A very robust US stock market in 2013 had several implications for private equity activity. Potentially to the detriment of private equity bidders, some attractive assets were able to take the IPO route instead of coming up for sale and rich public valuations made assets that were for sale more expensive. On the brighter side, strong public equity markets were a boon for private equity funds seeking to exit investments, as we discuss later in the report.
Sectors and themes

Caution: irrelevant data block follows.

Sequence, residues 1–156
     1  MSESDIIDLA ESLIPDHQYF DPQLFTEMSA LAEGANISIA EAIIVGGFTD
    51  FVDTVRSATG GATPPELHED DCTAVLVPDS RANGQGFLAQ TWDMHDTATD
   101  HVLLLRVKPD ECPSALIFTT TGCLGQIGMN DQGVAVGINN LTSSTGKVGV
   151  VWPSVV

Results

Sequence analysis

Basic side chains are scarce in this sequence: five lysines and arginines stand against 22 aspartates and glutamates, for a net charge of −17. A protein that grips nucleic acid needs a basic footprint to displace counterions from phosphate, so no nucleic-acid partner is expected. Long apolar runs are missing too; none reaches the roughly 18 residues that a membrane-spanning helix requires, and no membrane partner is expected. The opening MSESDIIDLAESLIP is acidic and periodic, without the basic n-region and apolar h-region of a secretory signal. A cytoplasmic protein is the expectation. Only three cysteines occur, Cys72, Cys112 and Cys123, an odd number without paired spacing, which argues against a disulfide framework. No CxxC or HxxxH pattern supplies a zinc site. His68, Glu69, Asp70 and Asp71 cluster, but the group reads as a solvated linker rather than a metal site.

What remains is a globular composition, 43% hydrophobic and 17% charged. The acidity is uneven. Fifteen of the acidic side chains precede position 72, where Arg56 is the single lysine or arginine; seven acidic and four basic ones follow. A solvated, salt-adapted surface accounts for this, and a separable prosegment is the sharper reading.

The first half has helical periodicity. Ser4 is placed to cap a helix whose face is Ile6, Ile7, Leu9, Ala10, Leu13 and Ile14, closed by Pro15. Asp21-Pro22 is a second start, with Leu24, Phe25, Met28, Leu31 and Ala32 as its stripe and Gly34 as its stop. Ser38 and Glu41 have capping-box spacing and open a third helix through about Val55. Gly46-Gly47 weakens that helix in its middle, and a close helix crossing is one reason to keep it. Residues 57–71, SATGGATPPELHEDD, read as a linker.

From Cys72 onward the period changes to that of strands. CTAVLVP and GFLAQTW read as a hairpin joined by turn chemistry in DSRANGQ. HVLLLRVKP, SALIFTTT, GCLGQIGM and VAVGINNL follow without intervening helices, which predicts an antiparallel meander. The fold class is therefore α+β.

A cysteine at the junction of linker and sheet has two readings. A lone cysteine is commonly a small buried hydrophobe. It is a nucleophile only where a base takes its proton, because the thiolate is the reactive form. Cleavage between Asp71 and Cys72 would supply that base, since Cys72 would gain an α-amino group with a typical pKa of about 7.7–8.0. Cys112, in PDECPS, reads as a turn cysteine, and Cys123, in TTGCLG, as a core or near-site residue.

Despite the uncertainty caused by the regulatory environment, the twin pressures of containing costs and improving outcomes remain central to the US healthcare system and, accordingly, remain central to many private equity investment themes. One major trend within the healthcare system, for example, is that providers are starting to reorganize themselves to coordinate patient care more efficiently. One example of how fast this is occurring: The number of accountable care organizations (ACOs), including those approved by the Centers for Medicare and Medicaid Services (CMS) and those focused on commercial populations, more than doubled between June 2012 and June 2013 and stood at approximately 600, covering 18 million lives as of January 2014, according to research firm Leavitt Partners.